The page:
I want to parse "your shoes are out here" in the following passage:

Bob and Jim lived in the same town. One day Jim borrowed ten dollars from Bob. A few days later Jim went to work in another town, so he didn't give back the money. Later Bob knew from a friend where Jim was, and he got to Jim's room. He knocked at the door, but there was no answer. Bob saw Jim's shoes near the door. "Well, he must be in," he thought. He knocked again and said, "I know you are in, Jim. Your shoes are out here." After a while, Jim opened the door.

I don't know how to parse "out here". What does "out" modify? What does "here" modify?


The words "here" and "there" can be modified by other prepositions: "under here", "over there", "out there", "in here" and so on. These combinations operate as a unit.

When "out here" is used by a speaker usually refers to something close to the speaker, but external or remote to some other location being considered, like the location of the person being spoken to, or some context being previously discussed".

If someone is inside a building, you can use "come out here" to ask that person to emerge. The "here" refers to where the speaker is, and that is "out" relative to the person being spoken to.

"Your shoes are out here" is the simple "out here", like in "come out here". Your shoes are here where I am, and relative to you, that is outside.

Someone narrating a story from the field might use a sentence like "out here in the wilderness, you must be self-reliant." Here, the speaker is communicating that he or she is in some location that is remote to some imagined point of departure to which either the speaker, or the people being addressed, have a relationship. This is important because the difference between that reference point and the "here" place is being stressed. A sentence like "it's cold out here" implies a contrast: "It's cold out here, compared to the understood reference place I have in mind".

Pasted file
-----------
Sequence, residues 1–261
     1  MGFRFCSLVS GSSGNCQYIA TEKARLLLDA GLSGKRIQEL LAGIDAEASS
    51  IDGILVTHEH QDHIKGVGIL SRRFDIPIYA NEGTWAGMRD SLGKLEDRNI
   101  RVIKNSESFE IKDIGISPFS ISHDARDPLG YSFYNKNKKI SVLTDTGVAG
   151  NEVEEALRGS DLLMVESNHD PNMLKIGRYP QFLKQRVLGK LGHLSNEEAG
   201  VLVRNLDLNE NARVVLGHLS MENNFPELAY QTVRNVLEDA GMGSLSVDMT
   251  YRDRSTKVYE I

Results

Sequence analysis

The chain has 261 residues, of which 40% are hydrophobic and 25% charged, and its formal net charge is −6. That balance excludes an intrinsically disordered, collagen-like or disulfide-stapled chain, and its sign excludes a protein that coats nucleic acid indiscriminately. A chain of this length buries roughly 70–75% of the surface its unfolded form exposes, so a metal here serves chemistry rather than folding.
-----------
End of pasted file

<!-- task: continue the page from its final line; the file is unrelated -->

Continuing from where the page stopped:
The other locations like "up here" can be understood similarly. If you venture out to the roof of a high rise building you might say, "What a great view you can enjoy up here", which is a little bit different from just saying, "What a great view you can enjoy here". It also subtly implies that there is a lower place that the speaker has in mind, which in specifically does not have a great view compared to "up here".

In summary, "here" is a specific place, close to the speaker, and if another word is added like "up" or "out", then it brings in a second location. That location might be used to create a comparison or contrast, or simply to relate to another person's location.

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